So I believe it helps with the varroa mites that naturally fall off the bees. I do not know if the temperature differences between open SBB and closed SBB  make any difference in mite population. Maybe it doesn't matter either way.

One thing that I noticed this summer is my bees have gotten much smaller due to letting them draw out their own combs. And I have not had to do any powder sugar dusting this summer because the mite population is also very little. My bees are regressing in size and this may have something to do with the mite population. I will have to check this out further to be sure.

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Robo
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« Reply #27 on: August 21, 2008, 09:21:22 AM »

well if this temp theory is true it sure did not help the feral bees that was inside a thick tree trunk with only an opening the size of a silver dollar.


Another anecdotal response.  That is like saying wearing a seatbelt didn't help the guy who died going off a cliff when his brakes failed.  Unless you know what was the demise of said colony,  and the other issues involved,  your are just using your bias in judgment.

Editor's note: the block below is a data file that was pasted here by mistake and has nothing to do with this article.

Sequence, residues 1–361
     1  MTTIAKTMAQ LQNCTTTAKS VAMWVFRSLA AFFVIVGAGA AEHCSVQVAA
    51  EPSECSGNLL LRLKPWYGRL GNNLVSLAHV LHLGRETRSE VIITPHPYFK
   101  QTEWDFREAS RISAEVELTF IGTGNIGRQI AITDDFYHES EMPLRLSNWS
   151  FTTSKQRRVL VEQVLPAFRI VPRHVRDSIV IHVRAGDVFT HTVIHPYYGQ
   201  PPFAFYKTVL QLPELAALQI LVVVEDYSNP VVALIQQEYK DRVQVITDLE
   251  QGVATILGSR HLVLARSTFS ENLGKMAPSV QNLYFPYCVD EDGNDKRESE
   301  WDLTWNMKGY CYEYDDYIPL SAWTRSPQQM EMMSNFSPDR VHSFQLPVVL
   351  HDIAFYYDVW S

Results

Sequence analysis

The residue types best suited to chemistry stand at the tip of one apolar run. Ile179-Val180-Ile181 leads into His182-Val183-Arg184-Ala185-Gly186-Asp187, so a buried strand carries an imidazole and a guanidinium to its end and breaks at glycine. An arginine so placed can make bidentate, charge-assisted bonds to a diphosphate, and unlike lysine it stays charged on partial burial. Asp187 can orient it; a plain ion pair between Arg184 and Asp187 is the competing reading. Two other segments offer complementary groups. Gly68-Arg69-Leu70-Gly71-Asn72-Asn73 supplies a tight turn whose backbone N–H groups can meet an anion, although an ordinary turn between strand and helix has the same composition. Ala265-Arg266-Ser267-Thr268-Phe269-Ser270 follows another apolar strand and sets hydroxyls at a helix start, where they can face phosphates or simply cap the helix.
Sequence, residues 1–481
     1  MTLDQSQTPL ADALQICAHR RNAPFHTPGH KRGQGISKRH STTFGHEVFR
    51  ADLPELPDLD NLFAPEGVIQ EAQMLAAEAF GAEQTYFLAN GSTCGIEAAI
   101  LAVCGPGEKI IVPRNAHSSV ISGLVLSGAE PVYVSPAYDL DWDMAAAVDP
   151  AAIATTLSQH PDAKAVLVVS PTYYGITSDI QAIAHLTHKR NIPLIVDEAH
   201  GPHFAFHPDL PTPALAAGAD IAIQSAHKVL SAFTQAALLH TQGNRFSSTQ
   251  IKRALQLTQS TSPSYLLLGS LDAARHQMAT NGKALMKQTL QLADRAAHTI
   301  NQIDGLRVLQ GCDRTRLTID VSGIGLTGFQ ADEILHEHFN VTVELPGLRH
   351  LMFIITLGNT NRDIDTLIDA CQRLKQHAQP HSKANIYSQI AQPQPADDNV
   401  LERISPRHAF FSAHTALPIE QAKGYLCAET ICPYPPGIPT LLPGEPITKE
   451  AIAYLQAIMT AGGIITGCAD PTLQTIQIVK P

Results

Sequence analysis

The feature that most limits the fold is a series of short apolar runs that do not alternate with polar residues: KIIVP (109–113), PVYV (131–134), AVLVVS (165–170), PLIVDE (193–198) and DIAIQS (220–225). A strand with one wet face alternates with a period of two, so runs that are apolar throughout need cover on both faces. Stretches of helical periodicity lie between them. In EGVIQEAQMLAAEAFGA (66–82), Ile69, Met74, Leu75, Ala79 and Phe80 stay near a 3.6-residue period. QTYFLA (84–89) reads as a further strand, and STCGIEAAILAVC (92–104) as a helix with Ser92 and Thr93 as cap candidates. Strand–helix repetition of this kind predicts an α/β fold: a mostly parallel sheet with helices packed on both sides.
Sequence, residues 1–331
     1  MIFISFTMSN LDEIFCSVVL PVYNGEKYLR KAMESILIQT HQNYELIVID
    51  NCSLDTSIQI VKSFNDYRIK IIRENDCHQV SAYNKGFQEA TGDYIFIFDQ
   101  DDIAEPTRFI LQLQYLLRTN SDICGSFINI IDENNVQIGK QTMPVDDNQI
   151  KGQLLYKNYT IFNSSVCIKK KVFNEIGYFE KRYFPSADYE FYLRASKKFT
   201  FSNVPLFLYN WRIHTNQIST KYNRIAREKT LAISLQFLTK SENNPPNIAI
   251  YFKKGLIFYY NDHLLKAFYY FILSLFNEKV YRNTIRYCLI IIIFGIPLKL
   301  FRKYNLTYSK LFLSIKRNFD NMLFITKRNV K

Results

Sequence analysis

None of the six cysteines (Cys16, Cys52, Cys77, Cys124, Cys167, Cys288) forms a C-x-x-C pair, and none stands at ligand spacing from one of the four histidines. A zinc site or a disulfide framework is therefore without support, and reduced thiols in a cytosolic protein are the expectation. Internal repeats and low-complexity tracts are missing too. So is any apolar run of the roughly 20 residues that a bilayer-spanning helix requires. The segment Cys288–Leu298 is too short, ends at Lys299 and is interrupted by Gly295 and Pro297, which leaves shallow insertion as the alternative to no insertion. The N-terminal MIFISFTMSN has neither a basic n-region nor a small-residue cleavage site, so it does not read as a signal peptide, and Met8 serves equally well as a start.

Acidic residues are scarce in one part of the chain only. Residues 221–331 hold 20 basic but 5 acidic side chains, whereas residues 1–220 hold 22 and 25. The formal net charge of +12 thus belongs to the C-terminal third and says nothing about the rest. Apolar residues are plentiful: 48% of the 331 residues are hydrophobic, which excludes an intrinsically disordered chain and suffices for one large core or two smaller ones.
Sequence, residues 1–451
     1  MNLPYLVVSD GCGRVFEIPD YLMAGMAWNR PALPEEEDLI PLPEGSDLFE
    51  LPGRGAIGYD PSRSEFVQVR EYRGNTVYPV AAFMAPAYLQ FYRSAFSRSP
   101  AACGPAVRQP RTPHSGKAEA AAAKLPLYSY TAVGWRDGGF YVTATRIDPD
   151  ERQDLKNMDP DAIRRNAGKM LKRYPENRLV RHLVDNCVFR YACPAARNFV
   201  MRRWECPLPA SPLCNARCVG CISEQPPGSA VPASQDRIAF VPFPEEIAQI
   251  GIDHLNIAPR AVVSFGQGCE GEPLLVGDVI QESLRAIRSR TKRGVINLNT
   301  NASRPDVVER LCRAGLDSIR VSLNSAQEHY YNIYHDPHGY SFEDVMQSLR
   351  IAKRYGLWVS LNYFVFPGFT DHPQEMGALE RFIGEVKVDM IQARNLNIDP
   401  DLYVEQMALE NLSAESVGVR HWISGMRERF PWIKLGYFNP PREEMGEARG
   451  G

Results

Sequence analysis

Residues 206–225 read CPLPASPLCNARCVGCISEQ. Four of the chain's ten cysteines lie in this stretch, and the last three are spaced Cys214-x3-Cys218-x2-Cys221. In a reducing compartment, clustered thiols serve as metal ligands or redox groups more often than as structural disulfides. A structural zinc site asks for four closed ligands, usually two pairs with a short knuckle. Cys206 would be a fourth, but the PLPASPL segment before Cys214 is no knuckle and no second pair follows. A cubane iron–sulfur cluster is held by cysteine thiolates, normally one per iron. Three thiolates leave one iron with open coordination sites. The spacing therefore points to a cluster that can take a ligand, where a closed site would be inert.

The ferals around here are booming.  I know others on the forum have strong feral populations as well. All the survivor stock (been in the location for more than 1 year) that I have removed have sealed up every little hole in the cavity except the entrances. 

Quote
So I believe it helps with the varroa mites that naturally fall off the bees. I do not know if the temperature differences between open SBB and closed SBB  make any difference in mite population. Maybe it doesn't matter either way.